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The material consists of species from 17 families. “The following 13 species have significant increments in their distribution (range extension or filling of distributional ‘gaps’): Auris chrysostoma, Auris illheocola, Auris melanostoma and Thaumastus nehringi (Bulimulidae [Thaumastus belongs to the Megaspiridae]); Callionepion iheringi (Megaspiridae); Cyclodontina fusiformis, Moricandia willi and Spixia martensii (Odontostomidae); Simpulopsis decussata (Simpulopsidae); Neobeliscus calcarius (Achatinidae); Happia iheringi (Scolodontidae); Epiphragmophora hieronymi (Epiphragmophoridae); and Solaropsis punctatus (Pleurodontidae) [sic, Solaropsidae]“. The author rightly draws attention to the fact that even historical collections – although sometimes lacking from precise data – can contribute to our knowledge of distribution of species. This being said, however, it also points to the insufficient inventories being made on a detailed scale in many of the Neotropical countries which leads to insufficient insights in the distribution of many species.

Reference:
Salvador, R.B., 2019. Brazilian, Uruguayan and Argentinian terrestrial gastropods in the collection of the Museum of New Zealand Te Papa Tongarewa. – Tuhinga, 30: 82-98.

New records for Brazilian Helicina

A new paper just appeared by Silva et al. “New records for Helicina schereri Baker, 1913, are reported. It was a species previously restricted to the states of Ceará, Rio Grande do Norte, Paraíba, Alagoas and Tocantins in Northeastern Brazil, and State of Santa Catarina, much further south. The new occurrences reported herein fill distribution gaps and also significantly expand the range of the species ca. 970 km westwards. The new records are from the following locations: Bahia State (Ituaçu and Itaquara municipalities) in Northeast Brazil; Mato Grosso do Sul State (Bonito Municipality) in the Midwest; and Minas Gerais (Lagoa Santa municipality) in the Southeast”.

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Reference:
Silva, F. dos Santos et al., 2019. New records of Helicina schereri (Gastropoda: Helicinidae) from the states of Bahia, Minas Gerais, and Mato Grosso do Sul, Brazil. – Papéis Avulsos de Zoologia, 59: e20195903 (3 pp.).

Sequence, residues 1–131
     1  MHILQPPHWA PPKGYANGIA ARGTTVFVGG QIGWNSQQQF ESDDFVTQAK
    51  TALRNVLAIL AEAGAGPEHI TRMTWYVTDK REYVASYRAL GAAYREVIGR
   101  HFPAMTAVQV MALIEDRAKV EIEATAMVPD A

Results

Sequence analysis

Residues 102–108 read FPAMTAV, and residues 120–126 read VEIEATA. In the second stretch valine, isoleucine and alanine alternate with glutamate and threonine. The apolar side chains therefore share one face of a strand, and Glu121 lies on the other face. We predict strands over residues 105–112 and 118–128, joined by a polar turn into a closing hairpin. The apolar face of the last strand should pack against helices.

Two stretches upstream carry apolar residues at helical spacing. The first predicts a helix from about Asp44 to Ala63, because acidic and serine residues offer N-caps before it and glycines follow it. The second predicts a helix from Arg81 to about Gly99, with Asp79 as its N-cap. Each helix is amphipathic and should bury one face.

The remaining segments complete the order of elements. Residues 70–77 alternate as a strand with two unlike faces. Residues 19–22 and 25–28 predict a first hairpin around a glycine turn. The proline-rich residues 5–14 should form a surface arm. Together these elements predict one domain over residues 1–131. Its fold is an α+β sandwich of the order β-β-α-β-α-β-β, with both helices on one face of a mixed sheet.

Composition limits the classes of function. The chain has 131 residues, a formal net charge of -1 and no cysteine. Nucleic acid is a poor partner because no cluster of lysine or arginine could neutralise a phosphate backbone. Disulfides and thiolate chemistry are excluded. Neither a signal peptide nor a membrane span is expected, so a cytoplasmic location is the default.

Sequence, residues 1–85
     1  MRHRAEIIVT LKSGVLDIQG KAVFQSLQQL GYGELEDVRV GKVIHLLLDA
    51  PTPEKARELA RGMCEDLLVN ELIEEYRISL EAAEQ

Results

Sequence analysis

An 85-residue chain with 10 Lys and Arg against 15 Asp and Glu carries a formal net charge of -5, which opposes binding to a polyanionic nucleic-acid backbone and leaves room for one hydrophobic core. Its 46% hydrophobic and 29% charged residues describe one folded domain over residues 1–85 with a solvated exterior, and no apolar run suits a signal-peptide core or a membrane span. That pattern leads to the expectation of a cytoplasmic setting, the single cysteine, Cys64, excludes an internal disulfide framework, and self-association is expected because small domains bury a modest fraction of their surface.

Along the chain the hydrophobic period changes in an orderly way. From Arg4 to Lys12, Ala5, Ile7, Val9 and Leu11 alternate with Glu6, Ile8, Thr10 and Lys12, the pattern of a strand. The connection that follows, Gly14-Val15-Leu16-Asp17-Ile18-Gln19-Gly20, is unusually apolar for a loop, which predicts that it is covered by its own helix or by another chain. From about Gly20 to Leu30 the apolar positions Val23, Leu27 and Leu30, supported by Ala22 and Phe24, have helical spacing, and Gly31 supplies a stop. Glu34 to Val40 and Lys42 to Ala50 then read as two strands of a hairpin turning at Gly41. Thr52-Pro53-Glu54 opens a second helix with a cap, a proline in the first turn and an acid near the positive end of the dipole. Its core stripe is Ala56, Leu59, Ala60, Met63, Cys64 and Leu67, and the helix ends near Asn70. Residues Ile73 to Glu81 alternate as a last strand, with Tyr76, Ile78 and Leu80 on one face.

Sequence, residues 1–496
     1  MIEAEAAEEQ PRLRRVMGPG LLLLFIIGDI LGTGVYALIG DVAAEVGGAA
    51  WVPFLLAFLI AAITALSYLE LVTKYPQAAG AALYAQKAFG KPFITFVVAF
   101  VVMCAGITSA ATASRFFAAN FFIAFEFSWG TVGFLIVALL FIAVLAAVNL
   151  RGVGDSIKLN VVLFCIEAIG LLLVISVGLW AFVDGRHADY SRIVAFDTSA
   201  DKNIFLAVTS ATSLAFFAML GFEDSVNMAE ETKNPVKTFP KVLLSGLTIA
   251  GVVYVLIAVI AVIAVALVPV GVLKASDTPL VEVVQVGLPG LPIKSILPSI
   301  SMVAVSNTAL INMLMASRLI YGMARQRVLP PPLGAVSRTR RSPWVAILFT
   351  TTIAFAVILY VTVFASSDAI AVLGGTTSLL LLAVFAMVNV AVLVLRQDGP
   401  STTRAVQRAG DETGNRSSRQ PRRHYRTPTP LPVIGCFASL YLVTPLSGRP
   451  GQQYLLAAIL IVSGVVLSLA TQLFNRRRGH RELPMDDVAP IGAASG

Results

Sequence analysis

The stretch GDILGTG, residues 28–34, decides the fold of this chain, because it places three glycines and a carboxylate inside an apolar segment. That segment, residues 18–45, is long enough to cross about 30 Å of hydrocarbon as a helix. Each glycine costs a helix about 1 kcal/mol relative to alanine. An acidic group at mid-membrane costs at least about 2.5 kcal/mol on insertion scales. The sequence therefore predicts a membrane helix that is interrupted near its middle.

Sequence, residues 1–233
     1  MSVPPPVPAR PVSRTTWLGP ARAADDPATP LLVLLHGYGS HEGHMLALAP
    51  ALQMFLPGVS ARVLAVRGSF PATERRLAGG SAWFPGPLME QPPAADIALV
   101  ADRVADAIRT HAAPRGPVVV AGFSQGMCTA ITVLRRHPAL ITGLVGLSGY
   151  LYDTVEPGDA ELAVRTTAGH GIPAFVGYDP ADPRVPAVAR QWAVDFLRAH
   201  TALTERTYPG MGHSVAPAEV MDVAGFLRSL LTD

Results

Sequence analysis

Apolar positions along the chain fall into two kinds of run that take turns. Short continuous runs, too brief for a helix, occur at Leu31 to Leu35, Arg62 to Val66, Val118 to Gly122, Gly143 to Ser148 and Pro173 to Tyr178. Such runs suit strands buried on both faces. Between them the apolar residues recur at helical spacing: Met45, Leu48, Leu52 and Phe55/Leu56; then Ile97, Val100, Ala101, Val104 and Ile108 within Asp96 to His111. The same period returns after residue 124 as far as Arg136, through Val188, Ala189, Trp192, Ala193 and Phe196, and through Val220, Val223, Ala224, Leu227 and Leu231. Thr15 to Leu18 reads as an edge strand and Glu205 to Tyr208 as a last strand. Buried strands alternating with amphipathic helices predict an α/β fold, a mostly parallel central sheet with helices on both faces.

New record for Gulella bicolor in Mexico

A specimen of Huttonella bicolor = Gulella bicolor (Hutton, 1834) was collected from clayey-sandy soil in Tabasco, Mexico, which constitutes its second record in the state and the third in Mexico. This small gastropod is a predator that has mainly spread through tropical and island regions as an exotic species. Its introduction to Asian and Caribbean Islands is noteworthy. Its pupiform shell and the lamella or tooth complex were compared against previous descriptions. In Mexico, this species has been found in northern Veracruz and Tabasco, which confirms that it is spreading along the Gulf of Mexico from the United States towards Brazil. The features of this streptaxid as a potential hazard through its preferred prey are discussed”.

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An additional record to the ones given in the paper is the recent mentioning of this species for Belize by Dourson et al. (2018: 315).

Introduced species are often problematic with regard to the native malacofauna, but in this case the authors argue that also additional reasons may be present for keeping a close eye on the further spread of this species. Which is related to exotic species always a good idea to follow and document their distribution.

Reference:
Costillo-Rodriguez, Z.G. et al., 2018. A new record of Huttonella bicolor (Hutton, 1834) (Mollusca, Gastropoda, Streptaxidae) in Mexico. – Acta Zoológica Mexicana (n.s.) 34: e3411181 (6 pp.).